Jane Fonda On Being An Activist For The Past 60 Years: "I Go Full Throttle"

Courtesy of HBO

You could say Jane Fonda is fed up: with the current administration, with the fact that so few people vote in midterm elections, and with the way female farmworkers are treated in the U.S. But don’t, for a second, make the mistake of thinking the 80-year-old icon is getting tired of fighting, because that's far from the truth. Fonda, though largely known by many fans for her decades of acting in movies like 9-to-5 and Barbarella, has also dedicated 60 years of her life to political activism — much of which is chronicled in the new documentary, Jane Fonda In Five Acts (directed by Susan Lacy and available on HBO Sept. 24). And while many of the fronts she fought on long ago — for equal pay for women and civil rights, and against war and the spread of misinformation — are the very same fronts so many of us are fighting for now, she’s got more than a few things keeping her fueled up.

First, she’s seen that her activist work, well, works. “I have experienced in my own self and witnessed in others, profound change, really from black to white, like flipping a coin," she says over the phone one late September afternoon. "When you know that that potential exists for a profound transformation of a human being, that gives you a lot of your engine is constantly stoked."

Second in line is Fonda's dedication to self-care — and not the Netflix, PJs, and delivery variety. “I go full throttle and I’ve done it for as you say over 60 years but I also make sure I get a lot of sleep, I eat healthy, I work out," she explains. "Health has a lot to do with it. It’s hard to keep going if you’re not healthy and a lot activists let themselves burn out.”

Third is curiosity and a thirst for knowledge. Says the actor, “I’m constantly studying and listening and watching and that also gives the wherewithal to keep going and not burn out.” While all this is clearly effective, what's been most impactful for Fonda is a term itself probably isn’t going to enthrall the masses any time soon: Empathy. “When you have empathy and you really want to do something for people, that fuels you, that gives you energy,” she says.

Fonda has been doing interviews to support the HBO doc all day, but when she speaks that one simple e-word, it’s impossible not to feel the energy coming through her. She’s downright fired up. And of course, she’s got reason to be. “I think that because of the attitudes and values of the current administration, empathy has become a precious commodity, there’s not enough of it. We need more of it," she says. "In other words, we need to be able to feel compassion and empathy for those who are outside our own particular [spaces], including empathy for people who don’t agree with us. She specifies that she means those who voted for President Trump, many of whom, she points out, felt left behind and excluded in national conversations.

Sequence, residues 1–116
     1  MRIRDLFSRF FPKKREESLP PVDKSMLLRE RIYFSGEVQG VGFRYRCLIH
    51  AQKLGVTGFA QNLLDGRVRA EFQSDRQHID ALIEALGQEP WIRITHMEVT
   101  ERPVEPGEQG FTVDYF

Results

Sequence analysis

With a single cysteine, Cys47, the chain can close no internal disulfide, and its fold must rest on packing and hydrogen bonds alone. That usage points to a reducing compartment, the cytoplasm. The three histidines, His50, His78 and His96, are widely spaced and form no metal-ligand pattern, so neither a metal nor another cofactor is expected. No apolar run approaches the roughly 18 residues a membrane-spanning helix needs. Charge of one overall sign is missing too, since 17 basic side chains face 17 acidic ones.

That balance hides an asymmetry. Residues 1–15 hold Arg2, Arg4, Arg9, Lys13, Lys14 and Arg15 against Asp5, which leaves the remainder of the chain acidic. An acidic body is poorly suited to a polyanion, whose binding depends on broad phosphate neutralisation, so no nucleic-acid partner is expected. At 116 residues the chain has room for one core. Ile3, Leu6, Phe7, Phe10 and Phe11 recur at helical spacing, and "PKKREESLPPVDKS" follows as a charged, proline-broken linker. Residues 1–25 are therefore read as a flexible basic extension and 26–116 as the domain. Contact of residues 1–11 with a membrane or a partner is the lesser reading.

Of course none of this is a new concept — crossing the aisle, seeing things from both sides, understanding the voters who felt dismissed for decades. But when Fonda speaks about it, something tells me she’s not paying lip service, simply repeating the mantras we’ve all been taught to say in these tumultuous times.

That something is the breadth of her entire life; as the documentary details, Fonda has come a long way in her 80 years on this earth. She’s been through three marriages (director Roger Vadim from 1965 until 1973, activist Tom Hayden from 1973 to 1990, and billionaire Ted Turner from 1991 to 2001). She’s weathered family turmoil, including losing her mother when she died by suicide when Fonda was just a girl, and attempting to patch up her difficult relationship with her father, who she says often called her “fat” when she was a teen. She’s been accused of rooting against U.S. troops thanks to an ill-advised anti-war tour which resulted in a photograph of her behind enemy lines during the Vietnam War, misinformation about which still survives all these years later (just take a look at Megyn Kelly’s 2018 comments about the “Hanoi Jane” period for evidence). “It still makes me sad,” the actor admits.

But she’s come through all of it to live her best, most authentic period of life yet (the “Jane” act of the doc's titular five). To get there, as the film details, Fonda not only had to find herself, she had to root out her empathetic side, and learn to see things from the perspectives of her mother, her father, her ex-husbands, and those who were so certain her activism was, and is, anti-American.

Jane Fonda speaking at an anti-war rally in San Francisco, CA (1972). Photo Credit: Everett Collection / Courtesy of HBO